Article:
Licensing of other residential accommodation (Part 3)

Another innovation is the introduction of a new power for LHAs to introduce selective licensing of private rented accommodation in their area. The aim is to empower LHAs to deal with specific problems in an area where there is low housing demand, the area is likely to fall into this category and for other areas suffering such problems as anti-social behaviour.

According to the government there is evidence that low house prices in areas of low demand have resulted in an influx of
    ..unprofessional landlords purchasing properties to rent. These people frequently show no interest in managing their properties properly, often letting to anti-social tenants who cause a range of problems. This, in turn, can create misery for the local community and cause further destabilisation of these areas..
And so LHAs now have a discretion to license all private landlords in a designated area in order to ensuring that a minimum standard of management is met. However, approval of the Secretary of State must be sought after local consultation and the LHA will have to show that such a selective licensing scheme will be co-ordinated with an authority's wider strategies to deal with anti-social behaviour and regeneration in the area.


Additional control provisions in relation to residential accommodation (Part 4)

There are new LHA powers to take action over properties which should be licensed under either Part 2 or Part 3 and which do not have a licence. These are the new interim and final management orders. Action can also be taken over other dwellings as well, but an order has to be obtained from the Residential Property Tribunal. LHAs will also be able to take over the management of long-term empty properties and to bring them back into occupation. There are also provisions on overcrowding in non-licensable HMOs.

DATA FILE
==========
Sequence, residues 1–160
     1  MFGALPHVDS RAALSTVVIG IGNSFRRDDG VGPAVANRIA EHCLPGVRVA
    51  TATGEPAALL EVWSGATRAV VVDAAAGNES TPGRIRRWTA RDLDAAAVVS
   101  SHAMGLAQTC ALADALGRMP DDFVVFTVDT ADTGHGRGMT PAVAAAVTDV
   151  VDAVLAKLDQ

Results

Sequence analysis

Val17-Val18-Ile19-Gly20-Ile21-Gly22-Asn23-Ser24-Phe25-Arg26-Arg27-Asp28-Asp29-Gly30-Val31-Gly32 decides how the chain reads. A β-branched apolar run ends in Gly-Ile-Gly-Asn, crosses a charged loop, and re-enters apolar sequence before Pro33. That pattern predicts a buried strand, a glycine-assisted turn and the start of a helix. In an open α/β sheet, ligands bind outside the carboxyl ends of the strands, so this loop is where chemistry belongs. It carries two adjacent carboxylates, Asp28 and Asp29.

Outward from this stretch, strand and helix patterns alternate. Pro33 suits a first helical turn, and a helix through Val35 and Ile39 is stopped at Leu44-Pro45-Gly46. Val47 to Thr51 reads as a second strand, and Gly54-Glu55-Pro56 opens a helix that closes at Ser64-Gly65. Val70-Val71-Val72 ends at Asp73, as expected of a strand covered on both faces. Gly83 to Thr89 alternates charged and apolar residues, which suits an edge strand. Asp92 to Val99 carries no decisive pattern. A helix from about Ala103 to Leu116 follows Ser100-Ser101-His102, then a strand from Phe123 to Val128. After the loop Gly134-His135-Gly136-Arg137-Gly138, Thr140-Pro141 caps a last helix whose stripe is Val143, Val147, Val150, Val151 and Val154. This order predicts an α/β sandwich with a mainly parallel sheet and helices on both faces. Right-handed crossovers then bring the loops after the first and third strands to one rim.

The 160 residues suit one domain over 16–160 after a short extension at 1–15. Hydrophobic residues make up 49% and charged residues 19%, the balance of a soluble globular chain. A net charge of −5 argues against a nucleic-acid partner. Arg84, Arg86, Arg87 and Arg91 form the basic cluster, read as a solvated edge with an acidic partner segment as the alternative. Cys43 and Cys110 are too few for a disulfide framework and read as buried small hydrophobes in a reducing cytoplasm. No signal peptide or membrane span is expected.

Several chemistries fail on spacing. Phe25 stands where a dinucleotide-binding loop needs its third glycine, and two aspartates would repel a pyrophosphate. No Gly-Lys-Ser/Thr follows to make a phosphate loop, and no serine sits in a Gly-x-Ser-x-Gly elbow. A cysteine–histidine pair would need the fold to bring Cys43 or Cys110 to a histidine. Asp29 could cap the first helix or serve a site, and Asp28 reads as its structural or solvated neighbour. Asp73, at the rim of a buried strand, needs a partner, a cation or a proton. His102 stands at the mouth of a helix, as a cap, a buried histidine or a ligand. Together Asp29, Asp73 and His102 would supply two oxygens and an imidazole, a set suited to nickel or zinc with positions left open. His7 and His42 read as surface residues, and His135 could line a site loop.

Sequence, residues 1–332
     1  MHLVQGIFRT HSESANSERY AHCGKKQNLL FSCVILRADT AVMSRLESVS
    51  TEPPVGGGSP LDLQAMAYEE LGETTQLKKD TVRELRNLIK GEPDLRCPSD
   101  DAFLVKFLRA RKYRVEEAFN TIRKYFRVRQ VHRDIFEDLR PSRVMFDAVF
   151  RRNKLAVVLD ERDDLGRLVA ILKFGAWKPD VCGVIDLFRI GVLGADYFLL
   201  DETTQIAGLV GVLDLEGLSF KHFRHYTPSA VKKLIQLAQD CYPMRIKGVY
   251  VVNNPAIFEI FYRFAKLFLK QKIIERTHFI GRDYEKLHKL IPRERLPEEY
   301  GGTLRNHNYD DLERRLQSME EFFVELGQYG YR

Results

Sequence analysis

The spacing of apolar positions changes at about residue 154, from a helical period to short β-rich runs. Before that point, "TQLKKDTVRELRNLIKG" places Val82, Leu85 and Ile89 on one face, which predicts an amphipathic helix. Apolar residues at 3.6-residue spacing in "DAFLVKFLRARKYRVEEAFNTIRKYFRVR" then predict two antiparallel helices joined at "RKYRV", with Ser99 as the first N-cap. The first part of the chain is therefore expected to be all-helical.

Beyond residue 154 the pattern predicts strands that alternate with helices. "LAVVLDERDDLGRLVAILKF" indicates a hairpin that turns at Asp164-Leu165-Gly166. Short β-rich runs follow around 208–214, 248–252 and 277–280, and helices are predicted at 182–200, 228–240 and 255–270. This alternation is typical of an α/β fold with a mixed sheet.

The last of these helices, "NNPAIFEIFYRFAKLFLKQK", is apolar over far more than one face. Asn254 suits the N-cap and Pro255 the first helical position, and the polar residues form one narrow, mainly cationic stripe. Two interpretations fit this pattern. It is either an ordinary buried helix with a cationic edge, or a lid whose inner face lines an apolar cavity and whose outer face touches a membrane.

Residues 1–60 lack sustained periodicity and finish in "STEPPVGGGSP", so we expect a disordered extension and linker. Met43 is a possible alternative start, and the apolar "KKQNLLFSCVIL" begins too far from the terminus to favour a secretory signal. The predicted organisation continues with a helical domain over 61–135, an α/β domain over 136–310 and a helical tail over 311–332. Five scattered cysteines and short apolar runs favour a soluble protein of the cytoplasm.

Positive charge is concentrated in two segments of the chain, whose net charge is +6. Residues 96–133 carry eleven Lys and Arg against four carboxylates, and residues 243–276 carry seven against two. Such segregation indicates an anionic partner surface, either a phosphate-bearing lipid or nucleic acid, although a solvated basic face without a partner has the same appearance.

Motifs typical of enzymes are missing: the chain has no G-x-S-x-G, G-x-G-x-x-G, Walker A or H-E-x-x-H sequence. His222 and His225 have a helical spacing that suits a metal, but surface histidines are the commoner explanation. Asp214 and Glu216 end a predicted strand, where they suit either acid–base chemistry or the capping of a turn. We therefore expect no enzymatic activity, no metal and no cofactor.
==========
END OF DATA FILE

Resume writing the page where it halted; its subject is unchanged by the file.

Home Information Packs (Part 5)

Click here.


Other provisions about housing (Part 6)

Anti-social behaviour

The Act gives LHAs further powers to tackle anti-social behaviour in social housing following those introduced by the Anti-social Behaviour Act 2003 and which came into force in 2004. LHAs which operate introductory tenancy schemes, under which new tenants are on probation for the first 12 months of the tenancy agreement, will have a discretion to extend the probationary period. Measures too allowing landlords to refuse to agree to an exchange of tenancies, and suspending the right to buy in cases of anti-social behaviour.

The right to buy (RTB)

There are also some important changes to the Right to Buy (RTB) scheme, the statutory scheme in the Housing Act 1985 which allows secure tenants to buy their homes from their LHA at a discount. [Registered social landlords (and certain other social landlords) may also have tenants who have the RTB, or preserved RTB, usually as the result of large-scale voluntary transfers of properties from LHA ownership]. Provisions in the Act will amend the RTB scheme with a view to tackling exploitation of the present rules by property developers and tenants. To summarise the most important changes:
  • extending for new tenants the qualifying period from 3 5 years
  • extending the discount repayment period from 3 5 years
  • suspending the RTB where the landlord intends to demolish buildings
  • penalising tenants who enter into agreements to resell after the RTB purchase
  • giving the landlord a right of first refusal if the dwelling is sold within 10 years of the RTB purchase
Miscellaneous provisions